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January 3, 2012

New Year’s Anti-Resolution: Stop Setting Goals

Why I plan to live with less intention


My New Year’s resolution this year is unusual, really more of an anti-resolution. My hope is to become less intentional.

Less intentional, you ask? Why on earth would a person want that? I’ll explain.

I’m a strategist by nature. I process things rationally, assessing situations, coming up with recommendations, tinkering mentally with life issues and circumstances. I’m also fast-moving leader and productivity-oriented, a fit-it-all-in, get-it-done kind of girl.

Put these two together and you can see that intentionality isn’t a problem for me. Coming up with goals and moving toward them is pretty much how God made me.

There are many upsides to these character traits, and I thank God for how he wired me. Lately, though, I’ve been seeing the downsides that such attributes can bring if left to their own devices.

Last fall I was talking with a friend about her son’s preschool teacher. She described the middle-age woman, well-known and respected in their community, as “very intentional but lacking in freedom.” On paper, the woman is inspiring–a remarkable gardener and excellent cook; a restorer of furniture and exemplary homemaker; a person who’d cultivated many talents and utilized her resources well. ”But she comes across as kind of joyless,” my friend said, “and her relationships with her (now adult) children seem strained.”

The description gave me pause. At the time I was just beginning to observe a noticeable trend toward joylessness in my own life, especially in relation to mothering my three young children. I was so focused on trying to parent well—attending to character development, employing consistency—that I was losing the joy of daily life with my kids. My mind continually went to assessing scenarios and diagnosing methods for improvement—skills I employ in my work world. Rarely did I just sit back, relax, and enjoy the moments for what they held (or my children in them). Goals were trumping relationship.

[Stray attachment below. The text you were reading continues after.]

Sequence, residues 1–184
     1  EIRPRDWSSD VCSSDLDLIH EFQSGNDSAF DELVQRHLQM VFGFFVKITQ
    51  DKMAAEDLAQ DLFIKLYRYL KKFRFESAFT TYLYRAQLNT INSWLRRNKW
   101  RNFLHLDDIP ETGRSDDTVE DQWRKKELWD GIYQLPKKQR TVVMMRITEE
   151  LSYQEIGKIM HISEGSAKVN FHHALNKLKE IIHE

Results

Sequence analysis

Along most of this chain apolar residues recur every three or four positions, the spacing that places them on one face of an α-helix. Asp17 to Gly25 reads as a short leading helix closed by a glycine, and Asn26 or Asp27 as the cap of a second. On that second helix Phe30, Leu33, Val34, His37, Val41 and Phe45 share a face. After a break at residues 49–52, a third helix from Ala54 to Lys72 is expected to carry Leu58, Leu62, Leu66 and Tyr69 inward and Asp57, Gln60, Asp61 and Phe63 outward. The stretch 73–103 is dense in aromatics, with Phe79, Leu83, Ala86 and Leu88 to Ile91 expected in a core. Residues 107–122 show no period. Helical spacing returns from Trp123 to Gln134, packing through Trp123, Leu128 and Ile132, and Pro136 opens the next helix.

Sometimes an intentional spirit can hamper freedom, and even love. This, I believe, is a big part of why Jesus rebuked Martha for her demeanor when visiting her household. She was so focused on what needed to be done that she couldn’t relax and be in the moment with him, putting first things first. Her task list and its priority in her mindset were endangering the freedom Jesus had for her. The joy found in engaging with the most important person in her life (as my own) was taking a backseat to lesser things.

Life in the modern world can exacerbate the tendency to prize intentionality and productivity over full, free living in the moment. The priority given to efficiency and multi-tasking are enormous in our culture. The rise of the cell phones alone is enough for many people to throw things out of balance. I can answer e-mails on my phone sitting in a parking lot, but do I know what my five-year-old just said in the backseat as we wait? For a person whose struggles are flightiness or disorganization, the tools an iPhone provides are a blessing; for a person with a bent toward over-productivity, they can be anathema.

Jesus calls us to careful stewardship, and too he calls us to a life of surrender. Stewardship means intentionality and setting goals; surrender means letting go of both to God’s greater purposes. These two things are in tension—opposing ends of a spectrum. The sweet spot is smack in the middle; too much of either one is trouble.

Since God revealed that I generally err overmuch on the stewardship side, high on intentionality and low on freedom and joy, surrender is in order. Letting go of some of my diagnostic and achievement tendencies with the help of Christ are merited. As I set aside my urges to assess and improve things around me, I’ll look to God to help me be present and joyful in the moments he gives. No doubt this will feel counter-intuitive in settings where I’m called to lead.

What about you? Do you need to get out of the goal-setting mindset for a while? What anti-resolutions have you made for the new year?